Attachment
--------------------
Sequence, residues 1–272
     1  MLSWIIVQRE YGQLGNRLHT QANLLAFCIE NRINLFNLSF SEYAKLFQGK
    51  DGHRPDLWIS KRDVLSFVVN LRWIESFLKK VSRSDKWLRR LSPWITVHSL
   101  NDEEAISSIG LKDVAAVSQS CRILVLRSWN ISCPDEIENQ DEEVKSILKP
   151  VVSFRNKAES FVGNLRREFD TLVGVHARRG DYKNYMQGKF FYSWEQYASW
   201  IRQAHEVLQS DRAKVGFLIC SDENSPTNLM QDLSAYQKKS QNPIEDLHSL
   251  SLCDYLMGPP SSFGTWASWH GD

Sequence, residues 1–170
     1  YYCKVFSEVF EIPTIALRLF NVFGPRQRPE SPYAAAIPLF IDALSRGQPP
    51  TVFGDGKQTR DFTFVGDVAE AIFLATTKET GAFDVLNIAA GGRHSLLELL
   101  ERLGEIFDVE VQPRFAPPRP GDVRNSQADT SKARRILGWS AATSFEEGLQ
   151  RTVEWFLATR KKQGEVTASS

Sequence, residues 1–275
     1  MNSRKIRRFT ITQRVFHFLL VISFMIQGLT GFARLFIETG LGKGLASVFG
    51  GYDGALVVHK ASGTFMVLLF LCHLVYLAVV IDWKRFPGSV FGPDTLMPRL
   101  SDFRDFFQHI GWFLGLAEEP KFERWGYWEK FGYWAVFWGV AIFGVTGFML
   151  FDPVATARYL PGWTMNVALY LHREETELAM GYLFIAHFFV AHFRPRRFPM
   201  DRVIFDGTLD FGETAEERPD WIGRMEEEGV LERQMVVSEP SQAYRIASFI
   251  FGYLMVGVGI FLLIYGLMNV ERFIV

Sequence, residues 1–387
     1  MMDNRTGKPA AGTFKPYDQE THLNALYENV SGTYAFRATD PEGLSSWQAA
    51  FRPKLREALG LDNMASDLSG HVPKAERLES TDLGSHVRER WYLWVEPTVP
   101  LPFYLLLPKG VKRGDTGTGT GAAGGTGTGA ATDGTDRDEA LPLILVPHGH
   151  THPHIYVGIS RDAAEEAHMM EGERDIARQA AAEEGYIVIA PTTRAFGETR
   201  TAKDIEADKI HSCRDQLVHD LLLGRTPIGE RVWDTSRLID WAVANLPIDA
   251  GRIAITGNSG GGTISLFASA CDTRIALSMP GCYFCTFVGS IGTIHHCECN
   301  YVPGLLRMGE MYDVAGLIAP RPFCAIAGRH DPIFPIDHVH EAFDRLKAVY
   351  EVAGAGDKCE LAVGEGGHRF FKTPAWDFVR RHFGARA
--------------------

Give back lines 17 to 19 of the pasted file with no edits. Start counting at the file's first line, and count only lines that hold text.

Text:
   151  FDPVATARYL PGWTMNVALY LHREETELAM GYLFIAHFFV AHFRPRRFPM
   201  DRVIFDGTLD FGETAEERPD WIGRMEEEGV LERQMVVSEP SQAYRIASFI
   251  FGYLMVGVGI FLLIYGLMNV ERFIV